Protecting Choice: L'Dor v'Dor
I attended my first Pro-Choice rally with my mother and a delegation from my synagogue when I was four or five years old, and I remember asking “Why are all these ladies carrying hangers?” My mother’s response (clearly explaining a hanger’s historical symbolism of the dangers of back-alley abortions, but in an age-appropriate manner) was a powerful lesson to a little girl that women should be responsible for their own bodies. Thirty years later, as a Reform rabbi and representative of the CCAR to the Religious Coalition for Reproductive Choice, I am honored to speak for our Movement on these issues. I am sad that we are still debating these basic issues of freedom and justice. I am angry that so often the faith-based position is assumed to be the anti-Choice position. I am hopeful that if enough of us, women and men, speak loudly enough and often enough about reproductive health and justice as people of faith, we will create a future where every woman is free to make the best choices for herself and her family. What follows is a statement I made on behalf of the CCAR at an RCRC press conference celebrating greater access for women’s health care in the new Patient Protection and Affordable Care Act.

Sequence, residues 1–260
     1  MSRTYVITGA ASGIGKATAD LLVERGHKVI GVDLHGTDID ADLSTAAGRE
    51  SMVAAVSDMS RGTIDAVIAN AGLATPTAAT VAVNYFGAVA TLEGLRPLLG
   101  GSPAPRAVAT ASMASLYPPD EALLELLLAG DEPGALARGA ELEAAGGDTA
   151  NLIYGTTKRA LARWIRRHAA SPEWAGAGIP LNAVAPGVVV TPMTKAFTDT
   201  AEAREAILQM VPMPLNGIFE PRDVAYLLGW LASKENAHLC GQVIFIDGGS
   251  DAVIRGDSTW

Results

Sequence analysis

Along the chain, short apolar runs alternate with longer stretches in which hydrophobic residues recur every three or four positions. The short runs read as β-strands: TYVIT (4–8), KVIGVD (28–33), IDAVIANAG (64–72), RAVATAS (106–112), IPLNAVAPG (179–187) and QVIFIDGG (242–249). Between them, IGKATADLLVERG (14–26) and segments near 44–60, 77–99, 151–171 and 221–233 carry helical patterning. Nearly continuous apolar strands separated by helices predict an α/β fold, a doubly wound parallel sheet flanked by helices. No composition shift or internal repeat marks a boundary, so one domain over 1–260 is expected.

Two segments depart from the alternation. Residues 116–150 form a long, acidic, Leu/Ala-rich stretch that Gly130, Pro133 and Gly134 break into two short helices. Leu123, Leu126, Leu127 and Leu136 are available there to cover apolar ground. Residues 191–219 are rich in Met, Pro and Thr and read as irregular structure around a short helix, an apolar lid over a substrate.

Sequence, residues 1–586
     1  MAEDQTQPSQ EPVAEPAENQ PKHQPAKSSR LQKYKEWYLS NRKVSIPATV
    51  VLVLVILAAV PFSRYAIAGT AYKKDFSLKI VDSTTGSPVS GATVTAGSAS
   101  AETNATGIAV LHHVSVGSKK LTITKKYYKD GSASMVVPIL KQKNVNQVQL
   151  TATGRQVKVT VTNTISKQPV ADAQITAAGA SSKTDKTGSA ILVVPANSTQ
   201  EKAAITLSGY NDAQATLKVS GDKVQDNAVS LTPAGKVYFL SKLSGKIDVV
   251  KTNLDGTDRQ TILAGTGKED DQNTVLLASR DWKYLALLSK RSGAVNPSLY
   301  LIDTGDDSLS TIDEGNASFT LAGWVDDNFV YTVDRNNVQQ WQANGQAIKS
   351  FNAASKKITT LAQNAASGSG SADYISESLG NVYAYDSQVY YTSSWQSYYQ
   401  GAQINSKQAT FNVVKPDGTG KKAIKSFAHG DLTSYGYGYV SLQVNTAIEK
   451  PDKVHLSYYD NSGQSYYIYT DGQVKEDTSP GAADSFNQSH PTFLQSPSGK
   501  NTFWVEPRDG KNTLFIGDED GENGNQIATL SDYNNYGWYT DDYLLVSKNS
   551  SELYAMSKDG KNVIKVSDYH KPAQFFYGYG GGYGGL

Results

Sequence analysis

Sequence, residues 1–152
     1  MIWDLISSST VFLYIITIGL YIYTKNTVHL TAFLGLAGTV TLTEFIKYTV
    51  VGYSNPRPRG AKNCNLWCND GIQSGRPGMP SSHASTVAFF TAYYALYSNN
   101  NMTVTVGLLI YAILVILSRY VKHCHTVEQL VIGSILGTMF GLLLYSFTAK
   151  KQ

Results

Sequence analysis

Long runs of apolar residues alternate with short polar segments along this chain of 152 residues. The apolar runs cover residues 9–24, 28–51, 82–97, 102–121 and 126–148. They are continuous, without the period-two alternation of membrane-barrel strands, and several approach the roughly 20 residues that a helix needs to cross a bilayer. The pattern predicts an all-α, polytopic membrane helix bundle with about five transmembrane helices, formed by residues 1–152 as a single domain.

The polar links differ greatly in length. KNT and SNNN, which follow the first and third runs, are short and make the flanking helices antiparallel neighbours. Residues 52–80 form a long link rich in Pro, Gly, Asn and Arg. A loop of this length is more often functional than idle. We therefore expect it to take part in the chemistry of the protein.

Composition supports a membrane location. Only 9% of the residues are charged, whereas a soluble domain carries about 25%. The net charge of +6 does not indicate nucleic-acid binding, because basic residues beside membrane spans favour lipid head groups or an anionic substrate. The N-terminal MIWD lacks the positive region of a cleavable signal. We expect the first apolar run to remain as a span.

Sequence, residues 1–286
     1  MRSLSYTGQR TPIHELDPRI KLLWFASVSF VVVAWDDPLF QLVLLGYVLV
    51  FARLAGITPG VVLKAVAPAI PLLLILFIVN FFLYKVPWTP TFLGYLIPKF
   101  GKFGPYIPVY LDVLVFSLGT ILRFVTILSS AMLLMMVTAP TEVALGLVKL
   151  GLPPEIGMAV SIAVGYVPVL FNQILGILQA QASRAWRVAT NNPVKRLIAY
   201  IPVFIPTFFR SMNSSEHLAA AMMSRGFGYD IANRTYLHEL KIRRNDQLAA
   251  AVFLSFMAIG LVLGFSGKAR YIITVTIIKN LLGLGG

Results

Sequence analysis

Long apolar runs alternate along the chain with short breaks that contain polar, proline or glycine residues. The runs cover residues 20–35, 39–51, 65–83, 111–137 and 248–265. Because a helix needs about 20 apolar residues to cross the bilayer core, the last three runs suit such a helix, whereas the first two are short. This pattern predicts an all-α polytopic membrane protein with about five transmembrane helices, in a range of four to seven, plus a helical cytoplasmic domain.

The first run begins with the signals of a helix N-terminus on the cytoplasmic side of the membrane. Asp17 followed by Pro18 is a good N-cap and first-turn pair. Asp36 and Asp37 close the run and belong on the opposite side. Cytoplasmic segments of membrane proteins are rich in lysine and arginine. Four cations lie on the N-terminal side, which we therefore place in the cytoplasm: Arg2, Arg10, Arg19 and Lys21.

“Jewish tradition in general and Reform Judaism in particular have always been deeply concerned with the physical health and wellbeing of individuals and the rights of religious minorities to be free from coercion by other religious communities and the state. Caring for the health of the community has always been a dynamic interaction between collective and individual responsibilities. In Judaism, women are commanded to care for the health and well-being of their bodies. But providing for health is not just an obligation for the patient and their doctor, but for the whole of society. Maimonides, a revered Jewish scholar, identified care for the sick as the most important communal service that a city has to offer its residents (Mishneh Torah, Sefer Hamadda 4:23). In light of that shared interest and responsibility, “for decades the Reform Jewish Movement has supported and defended a woman’s right to control her own reproductive health decisions. We advocate that all people be equipped with the information they need to make healthy choices and the tools to implement those choices. We believe that both American and Jewish tradition entrust patients with autonomy in making health care decisions, free from government and interference. In a diverse democracy, each person has the liberty to draw upon his or her own faith for guidance, and not be subject to the religious views of others.” Ensuring these freedoms and responsibilities becomes all the more important as we create heath care policy for all Americans. We celebrate the provisions of the Patient Protection and Affordable Care Act that expand the access of all women toward the full range of health care. Anything less is a violation of basic freedoms of religion, privacy, and conscience.” Rabbi Jessica Oleon is a rabbi at Temple Sinai in Washington, D.C. and a 2012-2013 Brickner Fellow.